Online auction sites are so popular and useful, they are used by gun stores and professional sellers as much or more now than they are by private citizens. This isn’t a bad thing. Selling stuff online requires very little investment and reaches a wide audience, so gun stores and FFL holders can often sell guns more cheaply online than stores who only do face-to-face business.
When you have something to sell and have an account set up, most of the auction sites have easy-to-use walkthroughs to show you how to set up your own auction. The fees they charge for putting up a listing can range from a few bucks to a few dozen, and the fees are usually only charged after the item has sold. Most of the time the fees are calculated as a percentage of the selling price—1 to 2 percent on GunsAmerica based on your membership level, and 1.25 to 5 percent on GunBroker based on the price of the item sold.
One helpful hint: Always upload a photo of what you’re selling. If you don’t, not only will most potential buyers pass up your listing, anyone still interested will just email you asking for a photo.
GunBroker and its like aren’t the only useful places to track down good deals online. Whatever type of firearm you fancy, chances are there is a forum devoted to it somewhere—such as ColtAutos.com, where collectors gather.
Perhaps the largest firearms forum is AR15.com. “Arfcom,” as it is known, is a huge site that isn’t just devoted to ARs, and gun companies know this. Manufacturers have a large presence on the site, not just through ads but through forum posts talking about new products, or talking their customers through problems they may be experiencing. Many companies frequently have special deals available only to members of Arfcom. Arfcom also has their Equipment Exchange, where members who want to buy, sell, trade or get involved in group buys send emails back and forth.
When dealing with individual sellers, the potential for being scammed is always higher. There’s no way to completely eliminate fraud, so just use common sense—if a deal seems too good to be true, it probably is. Also, if the seller only provides stock photos, wants you to mail your payment to a P.O. Box or maybe a different state even though they’re selling one of their “personal” items, or does anything else that raises your red flags, you have only yourself to blame if you send your payment and never see anything in return.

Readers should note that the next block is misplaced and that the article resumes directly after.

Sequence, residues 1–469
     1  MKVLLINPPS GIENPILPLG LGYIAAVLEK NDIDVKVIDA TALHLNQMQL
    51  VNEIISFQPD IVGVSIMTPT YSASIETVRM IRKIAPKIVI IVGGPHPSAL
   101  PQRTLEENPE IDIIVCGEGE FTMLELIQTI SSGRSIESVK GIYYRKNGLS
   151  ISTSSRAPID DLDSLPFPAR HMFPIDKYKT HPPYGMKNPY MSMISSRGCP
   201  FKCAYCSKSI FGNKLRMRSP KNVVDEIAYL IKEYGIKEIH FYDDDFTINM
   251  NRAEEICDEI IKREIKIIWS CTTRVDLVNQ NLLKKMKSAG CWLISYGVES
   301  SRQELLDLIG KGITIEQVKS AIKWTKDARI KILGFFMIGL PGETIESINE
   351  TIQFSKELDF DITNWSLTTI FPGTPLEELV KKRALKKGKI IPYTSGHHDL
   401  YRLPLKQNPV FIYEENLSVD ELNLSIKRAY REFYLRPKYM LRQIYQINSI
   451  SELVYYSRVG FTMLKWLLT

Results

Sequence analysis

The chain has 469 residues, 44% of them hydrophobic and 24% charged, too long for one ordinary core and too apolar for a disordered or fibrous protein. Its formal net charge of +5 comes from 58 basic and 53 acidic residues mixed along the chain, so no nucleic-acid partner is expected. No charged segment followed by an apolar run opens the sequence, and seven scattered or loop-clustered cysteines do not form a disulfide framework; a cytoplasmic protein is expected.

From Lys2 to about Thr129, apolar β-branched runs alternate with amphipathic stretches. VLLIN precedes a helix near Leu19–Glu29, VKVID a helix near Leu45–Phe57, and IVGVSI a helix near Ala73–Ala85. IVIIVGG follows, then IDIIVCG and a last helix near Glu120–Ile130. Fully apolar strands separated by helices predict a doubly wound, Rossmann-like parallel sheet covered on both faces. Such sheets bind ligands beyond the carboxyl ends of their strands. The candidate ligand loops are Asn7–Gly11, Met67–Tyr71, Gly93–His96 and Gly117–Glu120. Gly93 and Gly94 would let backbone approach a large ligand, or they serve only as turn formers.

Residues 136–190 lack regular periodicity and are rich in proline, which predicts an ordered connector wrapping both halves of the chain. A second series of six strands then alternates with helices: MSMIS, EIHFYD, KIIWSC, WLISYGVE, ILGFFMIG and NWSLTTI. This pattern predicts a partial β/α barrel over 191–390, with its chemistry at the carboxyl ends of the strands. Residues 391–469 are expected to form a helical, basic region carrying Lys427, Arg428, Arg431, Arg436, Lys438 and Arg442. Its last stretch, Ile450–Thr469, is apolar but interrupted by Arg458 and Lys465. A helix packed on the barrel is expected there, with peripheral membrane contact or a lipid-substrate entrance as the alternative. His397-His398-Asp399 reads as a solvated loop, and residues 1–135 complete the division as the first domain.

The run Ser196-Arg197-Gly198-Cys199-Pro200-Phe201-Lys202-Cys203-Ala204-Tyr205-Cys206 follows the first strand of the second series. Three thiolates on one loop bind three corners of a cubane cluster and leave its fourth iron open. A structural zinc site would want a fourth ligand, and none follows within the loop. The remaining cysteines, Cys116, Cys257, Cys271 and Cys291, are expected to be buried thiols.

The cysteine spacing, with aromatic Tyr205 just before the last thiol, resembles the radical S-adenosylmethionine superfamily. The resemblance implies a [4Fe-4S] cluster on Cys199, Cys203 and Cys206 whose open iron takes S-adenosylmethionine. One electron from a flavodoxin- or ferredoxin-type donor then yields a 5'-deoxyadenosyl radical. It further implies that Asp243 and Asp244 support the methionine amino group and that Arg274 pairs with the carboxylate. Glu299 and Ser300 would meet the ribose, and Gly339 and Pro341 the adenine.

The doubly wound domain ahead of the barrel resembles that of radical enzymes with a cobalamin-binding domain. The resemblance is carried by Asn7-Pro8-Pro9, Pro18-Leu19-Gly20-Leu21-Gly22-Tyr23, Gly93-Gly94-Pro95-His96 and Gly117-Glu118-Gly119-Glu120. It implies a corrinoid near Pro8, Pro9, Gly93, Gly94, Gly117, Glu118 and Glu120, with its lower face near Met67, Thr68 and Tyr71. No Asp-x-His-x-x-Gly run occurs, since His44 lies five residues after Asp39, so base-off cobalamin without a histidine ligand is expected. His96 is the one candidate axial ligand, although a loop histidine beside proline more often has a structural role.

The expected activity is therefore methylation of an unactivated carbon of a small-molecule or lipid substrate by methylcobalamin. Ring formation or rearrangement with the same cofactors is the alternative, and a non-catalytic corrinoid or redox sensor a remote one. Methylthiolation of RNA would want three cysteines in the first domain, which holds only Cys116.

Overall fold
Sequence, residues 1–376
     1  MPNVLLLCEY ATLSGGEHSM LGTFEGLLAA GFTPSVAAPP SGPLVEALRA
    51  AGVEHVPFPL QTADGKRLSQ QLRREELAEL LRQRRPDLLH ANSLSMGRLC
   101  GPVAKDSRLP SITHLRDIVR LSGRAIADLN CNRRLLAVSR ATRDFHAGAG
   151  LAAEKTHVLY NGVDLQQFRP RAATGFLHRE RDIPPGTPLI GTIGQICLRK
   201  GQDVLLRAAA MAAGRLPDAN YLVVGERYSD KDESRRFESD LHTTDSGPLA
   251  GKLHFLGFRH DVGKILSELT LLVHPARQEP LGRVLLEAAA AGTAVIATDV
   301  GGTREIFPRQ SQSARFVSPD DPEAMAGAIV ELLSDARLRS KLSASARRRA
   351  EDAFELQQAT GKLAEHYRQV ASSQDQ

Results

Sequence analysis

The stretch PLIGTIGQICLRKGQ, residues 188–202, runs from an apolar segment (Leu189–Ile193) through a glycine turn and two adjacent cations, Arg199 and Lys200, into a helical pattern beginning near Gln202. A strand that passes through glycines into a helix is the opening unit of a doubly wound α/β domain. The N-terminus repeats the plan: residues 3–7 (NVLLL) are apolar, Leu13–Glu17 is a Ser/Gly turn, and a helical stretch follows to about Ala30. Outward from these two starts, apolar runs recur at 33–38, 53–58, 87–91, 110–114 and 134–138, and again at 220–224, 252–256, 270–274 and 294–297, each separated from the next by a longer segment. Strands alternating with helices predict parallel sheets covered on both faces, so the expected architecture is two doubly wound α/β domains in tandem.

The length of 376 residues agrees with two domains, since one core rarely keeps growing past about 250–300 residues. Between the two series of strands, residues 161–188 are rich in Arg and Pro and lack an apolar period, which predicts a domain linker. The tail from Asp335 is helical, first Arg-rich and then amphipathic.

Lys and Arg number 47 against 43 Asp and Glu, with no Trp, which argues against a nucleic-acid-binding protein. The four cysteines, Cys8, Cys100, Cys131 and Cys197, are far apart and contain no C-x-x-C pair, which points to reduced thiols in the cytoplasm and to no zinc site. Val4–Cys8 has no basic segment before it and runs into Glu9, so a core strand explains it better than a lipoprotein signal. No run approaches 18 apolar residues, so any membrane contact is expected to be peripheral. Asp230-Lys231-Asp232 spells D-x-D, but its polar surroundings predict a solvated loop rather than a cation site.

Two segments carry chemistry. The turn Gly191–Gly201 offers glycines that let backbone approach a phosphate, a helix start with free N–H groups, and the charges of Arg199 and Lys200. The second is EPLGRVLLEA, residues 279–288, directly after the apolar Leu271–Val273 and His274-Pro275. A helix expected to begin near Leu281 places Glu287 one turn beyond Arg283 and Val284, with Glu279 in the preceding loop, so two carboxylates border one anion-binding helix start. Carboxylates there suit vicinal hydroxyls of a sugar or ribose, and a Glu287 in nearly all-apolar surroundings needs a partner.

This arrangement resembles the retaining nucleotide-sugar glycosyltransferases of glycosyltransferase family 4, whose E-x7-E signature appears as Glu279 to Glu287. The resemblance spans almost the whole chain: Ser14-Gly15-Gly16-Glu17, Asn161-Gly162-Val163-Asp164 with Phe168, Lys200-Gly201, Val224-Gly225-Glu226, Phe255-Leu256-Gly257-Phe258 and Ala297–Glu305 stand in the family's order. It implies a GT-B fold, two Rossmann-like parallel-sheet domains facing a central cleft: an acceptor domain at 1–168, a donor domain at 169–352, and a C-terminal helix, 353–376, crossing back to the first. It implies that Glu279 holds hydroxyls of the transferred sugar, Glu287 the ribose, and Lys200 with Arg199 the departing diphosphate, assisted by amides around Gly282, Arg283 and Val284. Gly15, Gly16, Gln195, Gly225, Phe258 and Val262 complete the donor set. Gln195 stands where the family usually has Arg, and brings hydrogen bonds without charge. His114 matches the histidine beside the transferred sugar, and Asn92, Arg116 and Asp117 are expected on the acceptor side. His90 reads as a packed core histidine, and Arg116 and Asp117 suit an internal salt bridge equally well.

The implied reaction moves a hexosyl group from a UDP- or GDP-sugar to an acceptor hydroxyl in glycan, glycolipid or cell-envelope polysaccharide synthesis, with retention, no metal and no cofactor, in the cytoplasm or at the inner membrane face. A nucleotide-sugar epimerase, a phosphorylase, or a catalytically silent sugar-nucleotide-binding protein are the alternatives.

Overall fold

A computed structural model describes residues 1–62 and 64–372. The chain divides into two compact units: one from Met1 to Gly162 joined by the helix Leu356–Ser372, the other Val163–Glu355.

When is the best time to buy and/or sell? Well, if you’ve got any sort of semi-auto, magazine-fed rifle you’re looking to part with, now would be the time. The same goes for any ammunition or AR or AK magazines—they are all drawing premium prices. Legally, buyers are responsible for making sure the products they’re purchasing are legal in their city/state, but as a seller, you should learn which states have banned certain items. That is why so many gun companies have stopped sales of ARs and standard capacity magazines to departments and even individual law enforcement officers in ban zones such as New York, because they don’t want to run afoul of new and ever-changing gun laws.
When you post your listing, you want as many people as possible to have the chance to look at it, so don’t have it run over a holiday weekend. Again, use common sense—Hawaiian shirts sell better in June than they do in January. If you live in a place which sees snow on the ground six months of the year and only want to sell your competition rifle to a local, February is not a good time to put it up for sale.